It’s frustrating, but I can’t point a finger at anybody but myself. The way I’m playing right now, they need to go cut me because I’m definitely not worth what I’m getting. It’s frustrating. Hopefully they see something in me and they bring me back next year, but the way things are going right now, I’m definitely not playing up to par.
It's hard to disagree with him, with the numbers overwhelmingly supporting his point of view.
Jason Smith's impact on the St. Louis Rams has effectively reduced their franchise quarterback to little more than a tackle bag for defensive ends.
The Rams selected Smith with the second pick of the 2009 draft, and he has been a monumental bust over three seasons, losing his starting left tackle job to rookie Rodger Saffold in 2010 and giving up sacks on a routine basis at right tackle ever since.
With $33 million guaranteed over his rookie contract, rumors are circulating that the new regime in St. Louis, led by head coach Jeff Fisher, will cut Smith before the start of next season, drawing a line under a miserable performance as part of a line that gave up 55 sacks in 2011, ranked worst in the NFL.
Football Outsiders ranked the Rams' offensive line 30th in run blocking and 28th in pass protection in 2011, so although Smith's poor play is part of a wider issue, what's worse is that his passion and enthusiasm for the game have been questioned all too often.
Mark Sanchez is not a franchise quarterback. Or rather, his production has yet to match the expectations of a fifth-overall draft pick.
Bleacher Report Featured Columnist Tony Santorsa produced an excellent in-depth analysis of Sanchez's progression over three seasons, offering hope for the future, but one alarming statistic stands out above the rest: a third-down completion rate of just 34.4 percent.
With 56.7 percent completions and a 78.2 passer rating in 2011, Sanchez struggled to find open receivers, and considering that he had Santonio Holmes, Dustin Keller and Plaxico Burress at his disposal, he wasn't short on options.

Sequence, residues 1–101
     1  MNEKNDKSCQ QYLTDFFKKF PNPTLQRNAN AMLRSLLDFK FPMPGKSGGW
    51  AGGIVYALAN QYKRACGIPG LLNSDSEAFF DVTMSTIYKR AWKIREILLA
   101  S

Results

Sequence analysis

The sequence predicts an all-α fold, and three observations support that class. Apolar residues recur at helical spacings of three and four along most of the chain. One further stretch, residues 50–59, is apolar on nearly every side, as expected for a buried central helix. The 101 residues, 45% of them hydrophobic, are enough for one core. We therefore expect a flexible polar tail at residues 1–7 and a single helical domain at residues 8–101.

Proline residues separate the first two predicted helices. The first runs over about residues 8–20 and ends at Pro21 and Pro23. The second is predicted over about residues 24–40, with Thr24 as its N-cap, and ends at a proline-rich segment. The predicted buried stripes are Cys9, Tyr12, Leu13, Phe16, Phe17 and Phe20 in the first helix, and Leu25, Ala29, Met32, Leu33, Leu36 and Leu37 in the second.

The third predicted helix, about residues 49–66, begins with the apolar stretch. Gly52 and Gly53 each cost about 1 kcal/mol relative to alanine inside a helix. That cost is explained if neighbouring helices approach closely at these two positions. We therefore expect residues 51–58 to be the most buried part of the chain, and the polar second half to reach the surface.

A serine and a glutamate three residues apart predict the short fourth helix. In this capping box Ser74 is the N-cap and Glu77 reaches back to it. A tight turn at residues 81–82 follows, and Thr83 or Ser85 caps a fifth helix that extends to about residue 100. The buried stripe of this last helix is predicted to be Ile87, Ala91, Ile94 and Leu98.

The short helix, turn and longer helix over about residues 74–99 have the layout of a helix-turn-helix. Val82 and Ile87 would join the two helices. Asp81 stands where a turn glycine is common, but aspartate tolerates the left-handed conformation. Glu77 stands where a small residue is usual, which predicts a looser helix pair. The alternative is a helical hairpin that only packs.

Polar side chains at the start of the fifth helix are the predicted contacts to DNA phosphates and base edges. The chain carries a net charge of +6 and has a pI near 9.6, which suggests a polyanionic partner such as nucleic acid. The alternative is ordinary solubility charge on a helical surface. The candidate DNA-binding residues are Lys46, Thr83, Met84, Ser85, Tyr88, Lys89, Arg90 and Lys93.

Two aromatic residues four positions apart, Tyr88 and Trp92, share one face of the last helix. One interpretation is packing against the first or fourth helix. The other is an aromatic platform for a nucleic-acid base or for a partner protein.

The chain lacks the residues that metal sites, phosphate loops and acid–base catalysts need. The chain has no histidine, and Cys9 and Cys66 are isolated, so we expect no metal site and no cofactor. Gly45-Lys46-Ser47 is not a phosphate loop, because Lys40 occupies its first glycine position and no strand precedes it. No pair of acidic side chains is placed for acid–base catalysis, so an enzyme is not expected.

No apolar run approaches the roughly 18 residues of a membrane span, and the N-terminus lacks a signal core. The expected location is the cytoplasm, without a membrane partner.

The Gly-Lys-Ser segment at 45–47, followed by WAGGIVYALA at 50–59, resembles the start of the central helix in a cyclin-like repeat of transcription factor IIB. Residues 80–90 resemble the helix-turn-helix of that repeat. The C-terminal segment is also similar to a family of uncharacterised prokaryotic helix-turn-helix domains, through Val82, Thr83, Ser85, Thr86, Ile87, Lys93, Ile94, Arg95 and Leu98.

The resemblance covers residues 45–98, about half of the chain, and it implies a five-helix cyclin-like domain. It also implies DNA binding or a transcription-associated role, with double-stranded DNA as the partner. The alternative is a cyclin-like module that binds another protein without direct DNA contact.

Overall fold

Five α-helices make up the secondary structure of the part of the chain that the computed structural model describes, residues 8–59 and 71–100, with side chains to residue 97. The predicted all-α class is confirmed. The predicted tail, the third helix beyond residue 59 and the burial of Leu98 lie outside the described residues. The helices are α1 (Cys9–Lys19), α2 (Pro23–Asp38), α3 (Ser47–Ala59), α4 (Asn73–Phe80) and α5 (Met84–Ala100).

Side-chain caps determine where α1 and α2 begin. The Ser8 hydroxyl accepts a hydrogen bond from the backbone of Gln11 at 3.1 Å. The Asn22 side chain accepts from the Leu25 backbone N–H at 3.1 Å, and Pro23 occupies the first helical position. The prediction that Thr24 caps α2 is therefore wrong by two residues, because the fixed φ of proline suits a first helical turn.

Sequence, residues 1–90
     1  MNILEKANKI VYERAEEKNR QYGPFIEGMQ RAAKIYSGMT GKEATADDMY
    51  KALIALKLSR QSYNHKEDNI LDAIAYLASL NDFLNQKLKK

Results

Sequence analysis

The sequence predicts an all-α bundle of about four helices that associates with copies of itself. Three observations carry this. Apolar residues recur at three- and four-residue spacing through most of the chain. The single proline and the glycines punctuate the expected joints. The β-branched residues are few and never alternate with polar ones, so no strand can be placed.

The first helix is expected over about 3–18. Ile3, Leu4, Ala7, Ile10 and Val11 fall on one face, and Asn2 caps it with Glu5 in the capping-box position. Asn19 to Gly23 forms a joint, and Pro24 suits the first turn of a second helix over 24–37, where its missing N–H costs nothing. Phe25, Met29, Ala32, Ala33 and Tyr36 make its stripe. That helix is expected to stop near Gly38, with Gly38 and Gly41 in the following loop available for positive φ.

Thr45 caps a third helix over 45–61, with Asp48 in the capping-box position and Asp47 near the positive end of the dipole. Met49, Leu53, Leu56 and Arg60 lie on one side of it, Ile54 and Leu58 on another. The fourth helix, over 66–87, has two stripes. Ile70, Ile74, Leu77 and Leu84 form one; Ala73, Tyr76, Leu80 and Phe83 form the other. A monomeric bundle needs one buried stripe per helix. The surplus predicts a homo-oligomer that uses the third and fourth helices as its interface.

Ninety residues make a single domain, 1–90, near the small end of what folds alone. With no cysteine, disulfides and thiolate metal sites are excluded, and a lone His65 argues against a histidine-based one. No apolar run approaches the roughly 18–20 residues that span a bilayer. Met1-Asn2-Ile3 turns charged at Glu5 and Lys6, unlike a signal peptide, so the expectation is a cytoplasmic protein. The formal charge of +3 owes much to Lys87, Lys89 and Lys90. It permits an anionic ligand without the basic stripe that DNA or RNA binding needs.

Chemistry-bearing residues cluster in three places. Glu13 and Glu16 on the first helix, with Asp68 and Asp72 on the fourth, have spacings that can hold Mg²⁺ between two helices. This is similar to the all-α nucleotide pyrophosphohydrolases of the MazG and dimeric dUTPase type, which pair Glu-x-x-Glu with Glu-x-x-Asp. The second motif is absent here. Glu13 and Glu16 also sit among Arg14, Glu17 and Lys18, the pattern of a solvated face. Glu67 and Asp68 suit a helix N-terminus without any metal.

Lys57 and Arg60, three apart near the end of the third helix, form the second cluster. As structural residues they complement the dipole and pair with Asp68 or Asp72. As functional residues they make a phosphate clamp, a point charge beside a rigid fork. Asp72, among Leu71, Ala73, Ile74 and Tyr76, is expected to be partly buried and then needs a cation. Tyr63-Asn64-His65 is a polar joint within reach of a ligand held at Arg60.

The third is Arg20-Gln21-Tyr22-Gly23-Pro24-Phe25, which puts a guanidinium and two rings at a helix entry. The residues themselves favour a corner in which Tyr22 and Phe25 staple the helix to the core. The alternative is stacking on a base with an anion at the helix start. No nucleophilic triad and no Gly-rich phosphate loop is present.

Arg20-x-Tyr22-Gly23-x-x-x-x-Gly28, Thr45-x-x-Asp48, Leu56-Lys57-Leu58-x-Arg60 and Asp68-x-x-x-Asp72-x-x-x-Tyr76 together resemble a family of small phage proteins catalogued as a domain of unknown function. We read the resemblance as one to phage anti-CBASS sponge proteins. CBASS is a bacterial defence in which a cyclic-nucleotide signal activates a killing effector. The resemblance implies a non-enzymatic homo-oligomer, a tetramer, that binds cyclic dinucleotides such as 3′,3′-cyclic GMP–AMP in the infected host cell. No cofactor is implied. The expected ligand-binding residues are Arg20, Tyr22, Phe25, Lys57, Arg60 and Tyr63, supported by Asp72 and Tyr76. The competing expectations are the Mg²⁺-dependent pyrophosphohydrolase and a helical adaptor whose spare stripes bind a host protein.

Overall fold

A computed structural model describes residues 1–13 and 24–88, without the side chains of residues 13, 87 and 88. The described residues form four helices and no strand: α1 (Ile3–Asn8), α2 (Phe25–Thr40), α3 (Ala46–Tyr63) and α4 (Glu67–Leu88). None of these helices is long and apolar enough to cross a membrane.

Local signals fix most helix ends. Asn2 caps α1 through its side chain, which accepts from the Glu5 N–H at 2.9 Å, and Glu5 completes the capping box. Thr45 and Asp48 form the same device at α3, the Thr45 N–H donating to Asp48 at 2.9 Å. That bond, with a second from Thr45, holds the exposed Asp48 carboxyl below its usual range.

The play-calling of Brian Schottenheimer has taken a fair share of the criticism in New York, but given Sanchez's accuracy issues, a conservative game plan was designed with the quarterback in mind.
With an upper-tier quarterback, the Jets have the talent to knock the New England Patriots off the top spot in the AFC East. With Sanchez, they may continue to toil for a little while longer.
Vick's success in 2010 was built on the foundations of pocket passing, in spite of his obvious rushing talents which produced nine touchdowns on the ground.
By showing patience and going through his progressions in the pocket, Vick's throwing surprised many who believed that he would struggle to make plays as a traditional quarterback.
It was therefore a surprise to see him abandon the principles that made him a fringe candidate for the league MVP the season before, in a lackluster 2011 campaign.
Skittish and impatient in the pocket, Vick made big mistakes all season, throwing a career-high 14 interceptions and showing the inaccuracy that plagued the earlier part of his career.
Chris Johnson rushed for 1,047 yards in 2011, his worst total in four NFL seasons but still good enough for 14th best in the league.
While he deserved his payday after a 2,000-yard year in 2009, there can be no doubt that his contract holdout affected his early-season form, with just one 100-yard outing through the first eight games.
At 9-7, the Titans just missed out on a playoff berth, and the inconsistent play of Johnson was one of the key reasons why.
In games in which Johnson rushed for less than 60 yards, the Titans were 4-6. He looked slower and lacked the explosiveness that landed him the $53 million deal in the first place.
Rumors that Johnson may be cut this offseason have circulated for months, but I would be shocked if he didn't get at least another season to prove that the hunger is still there.
But for a man who should have led the charge for playoff success, CJ2K was a major disappointment in 2011, and has given new general manager Ruston Webster a big decision to make in his first few months in office.